You just can’t go up there in Red Hook and just shoot [a film]. We had to have meetings. We talked to people.


Like who?

The Bloods! The Bloods!


How did that work?

I had to tell them what we were doing, and said we’re not going to interfere with their business, and said we won’t be there long. That’s what we did.


Who he talked to in order to get Blood approval.

I said, “I need to speak to the guy,” and then I found out who that guy was.


Is the guy coming to the premiere?

The guy is locked up.


On casting Nate Parker as “Box.”

Here’s the thing, I did not want to have another stereotypical image portrayal of a gang member. This kid’s different. This is someone who grew up in the church, and his mother died. [He] was left drifting, and gravitated to the only family he knew that was out there for him. A gang. The Bloods. He grew up in the church. His mother was one of the pillars of the church.


On the media saying Red Hook Summer was a sequel to “Do the Right Thing.”

I never said that.


But Mookie does show up…

It got out. Look, I mean, Mookie’s in the film. I would say it’s a natural assumption to think that was a sequel. No one knew. People didn’t know we were shooting until we were really done. It was quick. Eighteen days.


What’s next?

I have a new documentary coming out called Bad 25. The world premiere is going to be at the Venice Film Festival. Today it was announced that it’s going to be at Toronto. It’s about the making of the “Bad” album, which was the follow up to “Thriller,” the biggest selling album of all time. You see in this film Michael [Jackson]’s genius, how this album was put together. Quincy [Jones] produced it, Bruce Swedien was the engineer, one of the great engineers. Stevie [Wonder] sang a song on it. And we speak to younger people influenced by it: Mariah Carey, Questlove, Kanye, Cee-Lo, Justin Bieber. Then we had access to the archives, Michael Jackson archives. We got stuff in this documentary people haven’t seen before. Ever. Video, his handwritten notes, photographs. Sixty-six songs were done for “Bad,” ten made the final album. For the CD it was eleven, because that song “Streetwalker,” so… How this thing was put together. How did Michael work, because we always just saw the finished product. This shows you that. The hard work he put in, everything, whether it be the choreography, the singing, the production, and you can call them music videos, you can call them short films. Look at those videos. Oops, look at those short films. “Bad,” the record by Martin Scorsese. So we filmed Martin Scorsese and his editor Thelma Schoonmaker. They hadn’t seen the short film in 20 years. We filmed Marty watching it for the first time in 20 years, commenting. Joe Pytka directed “The Way You Make Me Feel” and “Dirty Diana.” And this guy Colin Chilvers directed “Smooth Criminal.” Jim Blashfield did “Leave Me Alone.” So also the short films too, and the people who worked on them.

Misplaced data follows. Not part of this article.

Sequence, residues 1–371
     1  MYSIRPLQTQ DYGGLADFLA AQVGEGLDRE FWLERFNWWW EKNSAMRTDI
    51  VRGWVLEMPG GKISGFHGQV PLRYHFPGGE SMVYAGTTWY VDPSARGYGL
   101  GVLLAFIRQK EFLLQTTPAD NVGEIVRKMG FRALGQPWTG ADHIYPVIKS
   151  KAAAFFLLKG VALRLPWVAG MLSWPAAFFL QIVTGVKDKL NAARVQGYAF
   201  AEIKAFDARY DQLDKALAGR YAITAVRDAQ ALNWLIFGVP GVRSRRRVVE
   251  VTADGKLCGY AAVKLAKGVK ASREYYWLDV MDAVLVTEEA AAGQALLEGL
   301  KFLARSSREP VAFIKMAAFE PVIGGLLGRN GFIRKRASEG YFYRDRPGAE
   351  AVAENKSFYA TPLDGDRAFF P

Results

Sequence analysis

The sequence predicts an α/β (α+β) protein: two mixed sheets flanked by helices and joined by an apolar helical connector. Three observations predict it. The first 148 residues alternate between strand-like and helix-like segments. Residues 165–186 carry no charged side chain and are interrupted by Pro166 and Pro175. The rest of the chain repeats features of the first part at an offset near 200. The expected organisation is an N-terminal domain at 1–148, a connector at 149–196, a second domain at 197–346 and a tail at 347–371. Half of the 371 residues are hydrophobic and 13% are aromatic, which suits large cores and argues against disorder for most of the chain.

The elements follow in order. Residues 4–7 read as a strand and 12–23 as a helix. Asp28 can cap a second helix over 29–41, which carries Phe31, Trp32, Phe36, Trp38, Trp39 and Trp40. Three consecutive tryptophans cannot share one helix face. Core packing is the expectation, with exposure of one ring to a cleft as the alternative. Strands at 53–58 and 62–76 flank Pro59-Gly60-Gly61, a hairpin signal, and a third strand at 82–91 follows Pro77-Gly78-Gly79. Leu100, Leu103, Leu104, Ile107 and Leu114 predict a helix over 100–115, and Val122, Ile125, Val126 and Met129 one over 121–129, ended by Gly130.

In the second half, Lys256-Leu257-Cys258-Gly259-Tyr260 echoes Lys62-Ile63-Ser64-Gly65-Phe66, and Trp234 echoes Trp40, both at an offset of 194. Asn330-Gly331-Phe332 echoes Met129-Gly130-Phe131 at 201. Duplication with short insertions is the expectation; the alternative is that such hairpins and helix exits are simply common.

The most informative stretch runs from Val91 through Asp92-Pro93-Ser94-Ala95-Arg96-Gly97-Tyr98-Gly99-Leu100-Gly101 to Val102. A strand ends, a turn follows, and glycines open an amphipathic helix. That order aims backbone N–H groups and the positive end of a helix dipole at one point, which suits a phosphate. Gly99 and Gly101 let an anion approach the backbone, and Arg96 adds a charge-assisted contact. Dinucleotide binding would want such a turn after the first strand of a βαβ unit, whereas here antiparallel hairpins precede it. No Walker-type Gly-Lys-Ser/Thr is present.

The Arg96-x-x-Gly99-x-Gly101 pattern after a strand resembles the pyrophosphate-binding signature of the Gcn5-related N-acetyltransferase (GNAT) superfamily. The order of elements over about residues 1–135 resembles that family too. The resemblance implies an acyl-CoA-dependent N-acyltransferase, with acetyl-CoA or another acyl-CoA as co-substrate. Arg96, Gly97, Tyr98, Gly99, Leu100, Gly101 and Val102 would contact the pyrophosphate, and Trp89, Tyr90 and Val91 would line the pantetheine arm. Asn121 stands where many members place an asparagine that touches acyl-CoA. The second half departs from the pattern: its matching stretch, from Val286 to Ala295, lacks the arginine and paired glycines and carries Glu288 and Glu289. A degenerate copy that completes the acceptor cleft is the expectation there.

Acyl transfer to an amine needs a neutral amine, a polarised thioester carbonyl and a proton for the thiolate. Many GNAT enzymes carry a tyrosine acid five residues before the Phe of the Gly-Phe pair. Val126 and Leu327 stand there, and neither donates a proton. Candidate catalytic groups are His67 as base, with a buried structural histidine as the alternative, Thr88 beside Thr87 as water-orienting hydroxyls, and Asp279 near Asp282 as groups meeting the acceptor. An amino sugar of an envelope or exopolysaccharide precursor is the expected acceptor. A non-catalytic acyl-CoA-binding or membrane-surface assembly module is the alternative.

And then Oldboy?

Yeah, we’re in pre-production now.